o McDoughlad v. Perry – tire fell off car and hit P, did pretrip inspection

§ R.I.L. – does the thing usually happen in absence of negligence

§ Don’t need to eliminate all other causes

· Whether reasonable person say negligence more likely than not.

· Medical Malpractice

o

. Wilson – P injured in car accident by grandnephew of D who gave funding for car even though nephew had no license/abuser of drugs

§ Supplier of chattel knows or has reason to know because of his youth, inexperience, or otherwise, to use it in a manner reasonable risk of physical harm to himself and others.

§ Don’t need to own or control – funding is enough.

· Premise Liability

o Posecai v. Walmart – P robbed by third party on D’s property

§ Act must be foreseeable to require duty, 4 appraoches to foreseeable

· Specific harm rule – not liable unless aware of specific, imminent harm

o (Too narrow)

· Prior similar incidents test- past conduct puts owner on notice

o (Arbitrary)

· Totality of circumstances – all factors into consideration

o (Too broad)

· Balancing test – foreseeabiliity of harm against burden (B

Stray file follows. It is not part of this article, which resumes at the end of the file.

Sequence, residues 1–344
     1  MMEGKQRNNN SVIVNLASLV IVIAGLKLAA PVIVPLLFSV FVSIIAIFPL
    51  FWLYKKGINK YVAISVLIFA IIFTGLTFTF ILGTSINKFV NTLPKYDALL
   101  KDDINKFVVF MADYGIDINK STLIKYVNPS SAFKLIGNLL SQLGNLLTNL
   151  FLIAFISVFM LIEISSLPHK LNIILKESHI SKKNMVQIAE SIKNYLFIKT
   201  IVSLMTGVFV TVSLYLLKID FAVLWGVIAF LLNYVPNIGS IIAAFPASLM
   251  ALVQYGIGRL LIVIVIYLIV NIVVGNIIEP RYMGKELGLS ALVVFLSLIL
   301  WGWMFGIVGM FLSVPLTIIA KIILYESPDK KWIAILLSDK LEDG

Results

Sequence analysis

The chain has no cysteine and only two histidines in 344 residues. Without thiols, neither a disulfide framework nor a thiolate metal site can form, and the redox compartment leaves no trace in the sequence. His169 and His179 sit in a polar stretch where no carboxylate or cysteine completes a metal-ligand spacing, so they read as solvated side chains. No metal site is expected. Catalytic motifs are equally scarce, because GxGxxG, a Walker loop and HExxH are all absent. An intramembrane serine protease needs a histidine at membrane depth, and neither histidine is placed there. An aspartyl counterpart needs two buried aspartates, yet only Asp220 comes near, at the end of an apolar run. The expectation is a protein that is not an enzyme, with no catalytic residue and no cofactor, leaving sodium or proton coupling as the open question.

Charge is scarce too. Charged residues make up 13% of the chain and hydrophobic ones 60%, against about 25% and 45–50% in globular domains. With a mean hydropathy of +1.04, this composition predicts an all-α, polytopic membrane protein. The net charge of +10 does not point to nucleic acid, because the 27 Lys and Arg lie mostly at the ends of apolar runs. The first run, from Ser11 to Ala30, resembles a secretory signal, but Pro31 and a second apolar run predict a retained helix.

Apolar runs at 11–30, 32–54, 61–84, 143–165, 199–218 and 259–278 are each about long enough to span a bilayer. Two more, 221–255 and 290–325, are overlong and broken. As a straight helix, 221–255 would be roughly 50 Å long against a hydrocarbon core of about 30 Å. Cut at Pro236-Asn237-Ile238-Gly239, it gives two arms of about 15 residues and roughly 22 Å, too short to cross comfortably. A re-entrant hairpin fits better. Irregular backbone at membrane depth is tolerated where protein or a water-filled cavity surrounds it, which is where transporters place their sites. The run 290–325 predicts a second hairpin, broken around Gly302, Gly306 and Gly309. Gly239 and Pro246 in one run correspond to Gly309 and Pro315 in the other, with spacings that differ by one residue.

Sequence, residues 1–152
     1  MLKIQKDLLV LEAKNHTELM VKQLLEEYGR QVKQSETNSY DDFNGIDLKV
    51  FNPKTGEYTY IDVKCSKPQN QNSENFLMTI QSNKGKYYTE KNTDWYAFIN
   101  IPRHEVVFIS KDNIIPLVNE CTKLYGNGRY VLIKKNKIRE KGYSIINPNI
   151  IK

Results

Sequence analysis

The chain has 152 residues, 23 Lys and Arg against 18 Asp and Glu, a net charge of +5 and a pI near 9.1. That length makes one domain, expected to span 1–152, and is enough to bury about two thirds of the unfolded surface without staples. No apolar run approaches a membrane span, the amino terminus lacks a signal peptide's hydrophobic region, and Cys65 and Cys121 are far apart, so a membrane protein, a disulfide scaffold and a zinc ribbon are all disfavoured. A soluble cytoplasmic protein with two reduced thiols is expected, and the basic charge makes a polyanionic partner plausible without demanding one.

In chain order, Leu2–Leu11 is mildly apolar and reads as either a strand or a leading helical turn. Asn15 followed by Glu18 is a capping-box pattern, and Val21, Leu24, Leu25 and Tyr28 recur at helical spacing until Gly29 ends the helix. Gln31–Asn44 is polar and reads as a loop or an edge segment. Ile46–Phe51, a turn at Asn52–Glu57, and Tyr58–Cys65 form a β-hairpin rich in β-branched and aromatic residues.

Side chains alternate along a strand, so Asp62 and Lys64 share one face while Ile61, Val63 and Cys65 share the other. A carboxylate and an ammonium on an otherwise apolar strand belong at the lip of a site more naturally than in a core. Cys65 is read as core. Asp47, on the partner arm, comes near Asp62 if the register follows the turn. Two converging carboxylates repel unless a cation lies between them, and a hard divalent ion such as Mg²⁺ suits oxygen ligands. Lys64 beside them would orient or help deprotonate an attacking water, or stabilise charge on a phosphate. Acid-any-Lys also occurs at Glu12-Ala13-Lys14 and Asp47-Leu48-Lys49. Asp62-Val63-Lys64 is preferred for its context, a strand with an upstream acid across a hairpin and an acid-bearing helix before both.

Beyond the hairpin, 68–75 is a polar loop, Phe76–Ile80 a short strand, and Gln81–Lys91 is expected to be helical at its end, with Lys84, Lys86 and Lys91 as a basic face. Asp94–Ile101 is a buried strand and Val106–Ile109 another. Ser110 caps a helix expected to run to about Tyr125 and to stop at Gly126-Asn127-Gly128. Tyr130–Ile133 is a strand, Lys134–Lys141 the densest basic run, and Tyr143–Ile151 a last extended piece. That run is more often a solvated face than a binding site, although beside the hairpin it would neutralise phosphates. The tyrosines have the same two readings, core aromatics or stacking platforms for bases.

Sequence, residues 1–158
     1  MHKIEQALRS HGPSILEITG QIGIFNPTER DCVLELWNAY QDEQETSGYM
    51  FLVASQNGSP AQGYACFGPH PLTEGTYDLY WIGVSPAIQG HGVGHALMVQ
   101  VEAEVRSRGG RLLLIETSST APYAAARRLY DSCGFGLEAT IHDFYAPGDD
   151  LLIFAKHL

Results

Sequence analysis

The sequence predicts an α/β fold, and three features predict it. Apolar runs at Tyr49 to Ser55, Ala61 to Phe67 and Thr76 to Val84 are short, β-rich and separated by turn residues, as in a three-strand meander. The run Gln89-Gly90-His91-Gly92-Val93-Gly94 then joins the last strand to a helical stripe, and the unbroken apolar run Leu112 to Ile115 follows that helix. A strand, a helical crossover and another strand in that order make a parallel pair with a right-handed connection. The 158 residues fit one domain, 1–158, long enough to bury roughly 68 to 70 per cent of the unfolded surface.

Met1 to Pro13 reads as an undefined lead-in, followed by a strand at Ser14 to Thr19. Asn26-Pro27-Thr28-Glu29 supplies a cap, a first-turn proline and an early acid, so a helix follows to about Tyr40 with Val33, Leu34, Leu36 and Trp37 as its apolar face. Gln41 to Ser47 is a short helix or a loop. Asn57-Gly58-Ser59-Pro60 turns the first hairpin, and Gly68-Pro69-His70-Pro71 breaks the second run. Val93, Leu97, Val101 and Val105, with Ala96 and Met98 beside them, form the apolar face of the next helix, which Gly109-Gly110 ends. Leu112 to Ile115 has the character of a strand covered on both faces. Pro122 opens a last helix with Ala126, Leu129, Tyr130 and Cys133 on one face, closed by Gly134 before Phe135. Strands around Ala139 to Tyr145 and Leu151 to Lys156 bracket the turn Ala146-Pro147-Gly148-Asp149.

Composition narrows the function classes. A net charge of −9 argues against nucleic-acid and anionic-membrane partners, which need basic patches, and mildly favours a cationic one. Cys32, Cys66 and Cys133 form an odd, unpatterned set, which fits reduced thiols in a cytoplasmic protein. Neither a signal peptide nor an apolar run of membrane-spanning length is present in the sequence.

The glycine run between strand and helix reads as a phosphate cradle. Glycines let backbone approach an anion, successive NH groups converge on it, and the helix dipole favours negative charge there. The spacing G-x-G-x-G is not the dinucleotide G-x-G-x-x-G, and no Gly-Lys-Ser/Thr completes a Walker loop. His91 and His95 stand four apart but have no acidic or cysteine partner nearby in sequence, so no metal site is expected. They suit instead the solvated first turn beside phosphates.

o A.W. v. Lancaster School – guy walking into elementary school, sexually assaults kid

§ Duty – requires foreseeable, unreasonable risk plus public policy –question of law

§ Breach – requires failure to respond to duty – question of fact

o Carter v. Kinney – Bible study, slipped on ice broke leg – licensee

§ 3 classes of premise liability

· Trespassers – everyone till permission

o Duty = no duty

· Licensees – Permission given to be on land

o Duty = warn of known dangers

· Invitees – Invitor gives permission to general public or receives material benefit

o Duty = reasonable care to protect against known dangers and those that would be found with inspection.

o Heins v. Webster – P visiting daughter who worked at hospital – gets rid of classes, using reasonable care

§ Licenses/invitees get same duty – reasonable care

§ Factors:

· Foreseeability of injury

· Purpose on property

· Time/manner/circumstances that injured party entered property

· Use of premise

· Reasonableness of repair, warning, inspection